Tuesday, 14 April 2009
Love the Sinner, Hate the Sin!
Ever since I was around 16 years old, my views about justice seemed to differ from those of many other people I knew. Although defining justice is not something that could be done very simply in a blog article, I tend to regard it as the creation of the best possible conditions for ALL people. In my eyes, anything which is intended to cause physical or psychological harm cannot be regarded as just.
Sadly, there are many individuals who still believe that justice is mainly about punishment. According to this view, if A does something to hurt B, justice would involve a punishment being inflicted on A, depending on the type of harm caused to B. To me, this is not justice; such thinking is rooted in vengeance. And no matter how much one tries to justify harming another human being in the name of "justice", I strongly believe that any legal system that embraces the notion of causing pain to others is in desperate need of change.
This brings me to the topic of capital punishment. I consider the latter as the most barbaric way of dealing with individuals who are accused of breaking certain laws. It is even more shocking to see that this system is still so popular in the US, a country that talks so much about safeguarding human rights!
Over the years, I have read a great deal about criminal behaviour. I have read about dictators, rapists, serial killers, etc. Contrary to popular belief, as I examined the biographies of several wrong-doers, I never found a single shred of evidence to suggest that they were monsters; every person was born and lived as a human being. The sad thing that is often omitted from discourse about crime is that just as the typical human being is equipped to do a lot of good in society, the average person is also biologically equipped to carry out countless evil acts if they are exposed to certain circumstances.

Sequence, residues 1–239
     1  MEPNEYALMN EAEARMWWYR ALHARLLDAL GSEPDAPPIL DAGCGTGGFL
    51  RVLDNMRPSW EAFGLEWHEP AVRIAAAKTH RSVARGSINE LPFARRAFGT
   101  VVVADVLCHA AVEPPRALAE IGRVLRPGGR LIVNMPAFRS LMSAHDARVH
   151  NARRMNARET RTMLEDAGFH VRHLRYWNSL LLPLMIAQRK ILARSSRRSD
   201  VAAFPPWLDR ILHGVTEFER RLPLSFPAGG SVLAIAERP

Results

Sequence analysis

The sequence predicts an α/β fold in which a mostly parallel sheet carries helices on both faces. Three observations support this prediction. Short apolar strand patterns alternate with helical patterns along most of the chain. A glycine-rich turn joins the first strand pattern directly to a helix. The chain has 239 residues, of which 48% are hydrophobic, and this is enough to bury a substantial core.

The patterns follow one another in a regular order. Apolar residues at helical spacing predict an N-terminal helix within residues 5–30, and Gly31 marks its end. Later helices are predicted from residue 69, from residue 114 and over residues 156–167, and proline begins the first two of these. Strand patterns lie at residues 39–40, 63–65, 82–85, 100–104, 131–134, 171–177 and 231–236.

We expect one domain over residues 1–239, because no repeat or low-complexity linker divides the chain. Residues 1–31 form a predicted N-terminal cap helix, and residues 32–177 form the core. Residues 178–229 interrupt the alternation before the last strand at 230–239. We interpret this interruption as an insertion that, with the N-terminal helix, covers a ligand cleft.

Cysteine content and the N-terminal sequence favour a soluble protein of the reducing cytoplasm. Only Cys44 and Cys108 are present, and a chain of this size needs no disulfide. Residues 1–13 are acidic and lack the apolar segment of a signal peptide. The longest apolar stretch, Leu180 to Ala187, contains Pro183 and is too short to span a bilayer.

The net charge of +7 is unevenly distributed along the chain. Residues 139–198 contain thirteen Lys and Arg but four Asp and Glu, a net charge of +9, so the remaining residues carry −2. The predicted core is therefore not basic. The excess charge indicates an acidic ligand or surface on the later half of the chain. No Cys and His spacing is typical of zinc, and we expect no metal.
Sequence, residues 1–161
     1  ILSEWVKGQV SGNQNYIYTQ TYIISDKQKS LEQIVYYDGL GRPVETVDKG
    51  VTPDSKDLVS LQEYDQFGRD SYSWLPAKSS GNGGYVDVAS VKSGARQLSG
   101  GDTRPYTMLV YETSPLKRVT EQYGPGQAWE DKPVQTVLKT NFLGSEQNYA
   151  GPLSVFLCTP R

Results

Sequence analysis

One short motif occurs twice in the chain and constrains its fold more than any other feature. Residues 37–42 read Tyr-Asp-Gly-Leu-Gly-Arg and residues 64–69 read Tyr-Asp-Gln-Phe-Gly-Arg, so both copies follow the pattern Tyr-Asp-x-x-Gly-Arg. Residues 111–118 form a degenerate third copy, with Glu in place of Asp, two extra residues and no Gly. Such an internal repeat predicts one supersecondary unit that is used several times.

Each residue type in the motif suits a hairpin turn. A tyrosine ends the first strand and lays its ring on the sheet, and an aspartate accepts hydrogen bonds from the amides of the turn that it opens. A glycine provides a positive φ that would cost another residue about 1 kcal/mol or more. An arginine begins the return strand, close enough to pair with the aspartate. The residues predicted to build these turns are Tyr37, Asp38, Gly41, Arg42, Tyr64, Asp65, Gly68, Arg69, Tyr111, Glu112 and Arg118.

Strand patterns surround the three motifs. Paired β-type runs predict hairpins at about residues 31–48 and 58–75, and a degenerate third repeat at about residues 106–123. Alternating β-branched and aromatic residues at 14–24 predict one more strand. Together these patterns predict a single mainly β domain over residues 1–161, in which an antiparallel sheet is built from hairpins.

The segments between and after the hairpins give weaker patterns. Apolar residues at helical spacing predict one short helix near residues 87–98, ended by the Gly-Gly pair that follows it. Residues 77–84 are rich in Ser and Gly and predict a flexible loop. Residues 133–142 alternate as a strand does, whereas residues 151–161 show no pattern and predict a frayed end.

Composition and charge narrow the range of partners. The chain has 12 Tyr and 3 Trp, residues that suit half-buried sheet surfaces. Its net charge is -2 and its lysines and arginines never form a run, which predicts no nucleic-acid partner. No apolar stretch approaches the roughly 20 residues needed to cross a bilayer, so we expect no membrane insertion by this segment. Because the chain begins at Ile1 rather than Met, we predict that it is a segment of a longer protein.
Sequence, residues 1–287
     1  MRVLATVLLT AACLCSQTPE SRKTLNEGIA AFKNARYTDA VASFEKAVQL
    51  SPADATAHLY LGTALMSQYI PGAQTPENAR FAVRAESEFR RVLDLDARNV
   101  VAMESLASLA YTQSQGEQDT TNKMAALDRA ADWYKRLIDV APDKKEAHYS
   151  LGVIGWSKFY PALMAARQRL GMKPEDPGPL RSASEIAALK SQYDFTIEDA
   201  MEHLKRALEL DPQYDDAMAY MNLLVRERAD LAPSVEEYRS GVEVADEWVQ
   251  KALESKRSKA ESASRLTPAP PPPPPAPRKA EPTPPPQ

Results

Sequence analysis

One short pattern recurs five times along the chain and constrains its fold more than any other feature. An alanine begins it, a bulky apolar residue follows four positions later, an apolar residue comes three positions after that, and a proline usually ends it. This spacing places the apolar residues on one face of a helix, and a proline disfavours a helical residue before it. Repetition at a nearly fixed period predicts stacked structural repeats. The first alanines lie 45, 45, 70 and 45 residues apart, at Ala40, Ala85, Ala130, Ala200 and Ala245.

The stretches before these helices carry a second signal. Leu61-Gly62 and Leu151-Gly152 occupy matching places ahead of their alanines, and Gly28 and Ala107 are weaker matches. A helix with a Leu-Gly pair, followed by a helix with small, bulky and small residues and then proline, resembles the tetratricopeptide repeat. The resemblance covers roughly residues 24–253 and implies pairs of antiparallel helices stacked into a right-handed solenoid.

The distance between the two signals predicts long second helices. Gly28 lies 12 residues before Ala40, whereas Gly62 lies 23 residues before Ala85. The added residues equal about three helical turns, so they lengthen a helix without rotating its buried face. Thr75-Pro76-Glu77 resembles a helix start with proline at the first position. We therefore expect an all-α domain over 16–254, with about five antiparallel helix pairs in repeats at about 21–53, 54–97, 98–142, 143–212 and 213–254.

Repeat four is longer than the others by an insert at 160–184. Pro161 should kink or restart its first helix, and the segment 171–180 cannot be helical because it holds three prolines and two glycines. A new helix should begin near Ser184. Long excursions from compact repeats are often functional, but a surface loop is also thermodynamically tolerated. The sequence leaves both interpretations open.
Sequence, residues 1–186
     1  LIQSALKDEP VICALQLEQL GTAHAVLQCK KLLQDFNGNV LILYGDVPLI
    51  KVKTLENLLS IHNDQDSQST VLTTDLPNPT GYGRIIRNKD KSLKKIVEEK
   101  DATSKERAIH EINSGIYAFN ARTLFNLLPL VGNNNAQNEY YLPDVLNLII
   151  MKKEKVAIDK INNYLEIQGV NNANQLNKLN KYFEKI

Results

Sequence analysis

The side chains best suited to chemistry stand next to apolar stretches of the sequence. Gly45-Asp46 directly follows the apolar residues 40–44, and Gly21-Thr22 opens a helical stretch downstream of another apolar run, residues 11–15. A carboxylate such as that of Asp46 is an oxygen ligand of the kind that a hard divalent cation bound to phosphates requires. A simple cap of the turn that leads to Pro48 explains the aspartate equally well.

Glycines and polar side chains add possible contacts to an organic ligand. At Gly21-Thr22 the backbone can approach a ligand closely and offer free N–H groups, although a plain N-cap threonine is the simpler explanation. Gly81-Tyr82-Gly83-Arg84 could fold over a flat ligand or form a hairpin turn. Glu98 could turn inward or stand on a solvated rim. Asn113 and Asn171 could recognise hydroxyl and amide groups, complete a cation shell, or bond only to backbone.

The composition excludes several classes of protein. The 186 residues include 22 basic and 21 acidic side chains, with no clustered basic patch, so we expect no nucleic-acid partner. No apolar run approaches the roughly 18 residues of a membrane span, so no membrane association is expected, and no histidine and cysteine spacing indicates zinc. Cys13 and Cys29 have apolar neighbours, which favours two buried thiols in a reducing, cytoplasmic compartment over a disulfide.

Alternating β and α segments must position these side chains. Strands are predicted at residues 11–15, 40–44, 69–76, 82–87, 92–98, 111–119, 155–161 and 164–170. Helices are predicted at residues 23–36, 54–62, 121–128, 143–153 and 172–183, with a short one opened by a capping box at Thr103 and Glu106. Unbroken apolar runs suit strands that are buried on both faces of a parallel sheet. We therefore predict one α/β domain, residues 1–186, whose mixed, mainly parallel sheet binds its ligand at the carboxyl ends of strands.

There are several variables which are expected to affect human behaviour. The type of parenting one received, school experiences, formal and informal education, type of food that is eaten, national culture, and religious beliefs are just a few examples. At this stage, I believe that it is very important to highlight the relationship between a person's social and physical environment and the biological functioning of that person. More specifically, if I am living in an environment which promotes certain ideas, my brain is going to "replay" those beliefs over and over until they influence my behaviour to varying degrees. When an individual lives in a highly stressful environment for a long period of time, it appears that this could give rise to certain psychological conditions which could eventually lead to criminal behaviour.
The most frustrating thing about criminal or evil behaviour is that we are still not in a position to diagnose certain conditions very easily. Sadly, several diagnoses are made only following the carrying out of a criminal act. Unlike an individual who has a common cold and can be seen to be ill by several people, the groundwork underlying criminal behaviour cannot be observed in the same way. I could be standing next to a serial killer without knowing anything about the person's illness!